Ice Cream by Helen Dunmore

Helen Dunmore is a prolific and talented British writer, whose work I discovered several years ago when I picked up her novel With Your Crooked Heart in the bargain bin. She began her writing career as a poet but has written short stories and books for children as well. Her novel A Spell of Winter won the first-ever Orange Prize.

The fact that Dunmore is a poet is obvious in her collection of short stories, Ice Cream. Her use of language is spare and precise. But the thing that makes this collection of stories resonate is the subject matter: death, friendship, regret. And even more interestingly, I couldn’t name one story in this collection that has a tidy ending. So if you like a short story that wraps everything up in a neat bow- this volume will likely disappoint you.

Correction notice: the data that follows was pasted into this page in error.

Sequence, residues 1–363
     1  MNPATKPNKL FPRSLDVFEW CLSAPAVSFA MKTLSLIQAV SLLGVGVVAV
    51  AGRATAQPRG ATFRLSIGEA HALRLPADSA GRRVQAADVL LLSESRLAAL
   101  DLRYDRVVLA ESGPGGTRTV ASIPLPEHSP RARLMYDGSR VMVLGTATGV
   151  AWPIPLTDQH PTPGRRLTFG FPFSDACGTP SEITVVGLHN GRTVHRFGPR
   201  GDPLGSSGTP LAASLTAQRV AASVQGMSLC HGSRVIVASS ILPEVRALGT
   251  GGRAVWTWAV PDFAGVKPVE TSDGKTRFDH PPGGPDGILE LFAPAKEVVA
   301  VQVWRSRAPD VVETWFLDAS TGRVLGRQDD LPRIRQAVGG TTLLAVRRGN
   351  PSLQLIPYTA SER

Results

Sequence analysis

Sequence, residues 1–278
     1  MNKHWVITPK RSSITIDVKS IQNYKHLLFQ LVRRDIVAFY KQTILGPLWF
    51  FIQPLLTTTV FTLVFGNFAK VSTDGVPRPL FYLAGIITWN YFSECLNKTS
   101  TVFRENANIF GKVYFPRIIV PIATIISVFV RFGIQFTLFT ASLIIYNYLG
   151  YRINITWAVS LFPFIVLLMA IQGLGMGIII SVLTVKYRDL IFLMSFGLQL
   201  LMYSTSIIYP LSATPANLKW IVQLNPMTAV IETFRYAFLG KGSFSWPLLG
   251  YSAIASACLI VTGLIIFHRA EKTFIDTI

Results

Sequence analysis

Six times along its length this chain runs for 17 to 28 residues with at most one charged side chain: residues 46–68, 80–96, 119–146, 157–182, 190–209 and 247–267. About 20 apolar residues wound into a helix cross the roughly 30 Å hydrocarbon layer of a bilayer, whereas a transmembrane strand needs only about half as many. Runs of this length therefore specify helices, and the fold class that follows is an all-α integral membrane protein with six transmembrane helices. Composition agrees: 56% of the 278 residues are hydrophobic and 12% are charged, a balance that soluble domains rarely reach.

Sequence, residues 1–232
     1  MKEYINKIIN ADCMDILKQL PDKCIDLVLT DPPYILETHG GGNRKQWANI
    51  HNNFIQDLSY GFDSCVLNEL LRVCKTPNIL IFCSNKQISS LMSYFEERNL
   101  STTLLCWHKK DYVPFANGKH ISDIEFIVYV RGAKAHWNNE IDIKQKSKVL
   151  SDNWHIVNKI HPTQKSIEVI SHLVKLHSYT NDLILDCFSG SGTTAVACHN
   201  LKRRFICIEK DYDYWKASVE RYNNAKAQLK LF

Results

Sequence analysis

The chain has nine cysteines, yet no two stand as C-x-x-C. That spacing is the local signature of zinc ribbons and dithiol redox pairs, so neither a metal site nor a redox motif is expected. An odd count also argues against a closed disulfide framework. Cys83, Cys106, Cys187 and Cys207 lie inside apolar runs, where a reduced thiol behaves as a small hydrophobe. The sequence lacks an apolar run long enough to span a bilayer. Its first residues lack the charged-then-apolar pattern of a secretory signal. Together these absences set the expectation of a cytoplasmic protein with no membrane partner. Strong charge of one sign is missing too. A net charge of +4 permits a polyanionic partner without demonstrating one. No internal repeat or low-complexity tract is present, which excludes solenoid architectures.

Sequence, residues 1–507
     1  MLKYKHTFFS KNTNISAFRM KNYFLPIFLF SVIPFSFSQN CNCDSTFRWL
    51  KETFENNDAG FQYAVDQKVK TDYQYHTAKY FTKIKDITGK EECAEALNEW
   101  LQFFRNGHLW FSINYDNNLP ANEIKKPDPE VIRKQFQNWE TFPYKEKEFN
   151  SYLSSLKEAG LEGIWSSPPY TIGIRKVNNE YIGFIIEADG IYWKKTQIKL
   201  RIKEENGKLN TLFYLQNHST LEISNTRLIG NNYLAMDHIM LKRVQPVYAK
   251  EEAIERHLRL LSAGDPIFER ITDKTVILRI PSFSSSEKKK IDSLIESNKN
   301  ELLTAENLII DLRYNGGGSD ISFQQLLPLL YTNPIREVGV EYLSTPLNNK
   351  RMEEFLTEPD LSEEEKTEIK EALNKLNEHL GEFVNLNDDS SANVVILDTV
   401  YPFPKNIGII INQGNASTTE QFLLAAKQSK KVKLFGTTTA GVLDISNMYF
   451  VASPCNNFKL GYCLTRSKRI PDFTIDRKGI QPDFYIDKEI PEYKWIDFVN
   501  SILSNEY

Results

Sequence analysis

I don’t know that many writers, though (Alice Munro excepted because she can write a short story about anything!) who could dedicate a few hundred words to the tale of a man driving at night who really, really wants a cigarette. Or tell the deeply affecting tale of a man watching his young wife die. Or the slightly creepy tale of a world where women have their babies through artificial means and what happens to one couple who chooses the natural route.

For the short time you spend with the characters in Dunmore’s stories, you are entranced, mystified and troubled. And even though we don’t always learn their ultimate fate, the stories are enough because of the writer telling their tale.

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